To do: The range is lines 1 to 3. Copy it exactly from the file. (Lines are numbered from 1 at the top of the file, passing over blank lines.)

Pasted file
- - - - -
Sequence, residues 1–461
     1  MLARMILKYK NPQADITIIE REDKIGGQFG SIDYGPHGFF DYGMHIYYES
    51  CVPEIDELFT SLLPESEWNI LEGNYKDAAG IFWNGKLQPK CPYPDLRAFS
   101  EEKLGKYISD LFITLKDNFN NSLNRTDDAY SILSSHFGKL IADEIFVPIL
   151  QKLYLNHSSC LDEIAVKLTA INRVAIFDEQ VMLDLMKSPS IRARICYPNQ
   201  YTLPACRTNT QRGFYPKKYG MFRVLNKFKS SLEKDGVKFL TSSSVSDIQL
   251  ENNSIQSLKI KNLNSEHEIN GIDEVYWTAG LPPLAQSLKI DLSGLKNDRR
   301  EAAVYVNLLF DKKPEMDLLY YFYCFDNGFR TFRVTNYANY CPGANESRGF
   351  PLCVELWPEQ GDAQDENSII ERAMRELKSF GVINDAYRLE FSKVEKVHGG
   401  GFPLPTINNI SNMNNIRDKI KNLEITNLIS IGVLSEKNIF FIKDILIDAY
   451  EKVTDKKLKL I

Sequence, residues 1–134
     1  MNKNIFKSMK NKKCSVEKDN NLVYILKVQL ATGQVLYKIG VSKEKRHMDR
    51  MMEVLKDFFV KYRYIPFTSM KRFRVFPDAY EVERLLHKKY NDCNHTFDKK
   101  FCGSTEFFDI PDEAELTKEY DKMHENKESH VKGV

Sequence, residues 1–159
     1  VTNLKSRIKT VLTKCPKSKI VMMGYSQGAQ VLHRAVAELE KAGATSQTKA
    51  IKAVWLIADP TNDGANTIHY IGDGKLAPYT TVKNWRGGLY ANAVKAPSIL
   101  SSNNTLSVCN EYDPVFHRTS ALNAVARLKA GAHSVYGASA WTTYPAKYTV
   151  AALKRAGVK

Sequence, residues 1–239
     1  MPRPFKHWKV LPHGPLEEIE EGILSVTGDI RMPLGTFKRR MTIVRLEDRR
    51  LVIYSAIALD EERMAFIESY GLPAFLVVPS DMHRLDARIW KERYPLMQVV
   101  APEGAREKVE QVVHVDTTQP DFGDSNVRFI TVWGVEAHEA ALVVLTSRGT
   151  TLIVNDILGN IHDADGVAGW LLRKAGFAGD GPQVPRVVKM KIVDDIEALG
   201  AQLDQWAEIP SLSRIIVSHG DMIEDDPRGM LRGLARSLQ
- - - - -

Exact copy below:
Sequence, residues 1–461
     1  MLARMILKYK NPQADITIIE REDKIGGQFG SIDYGPHGFF DYGMHIYYES
    51  CVPEIDELFT SLLPESEWNI LEGNYKDAAG IFWNGKLQPK CPYPDLRAFS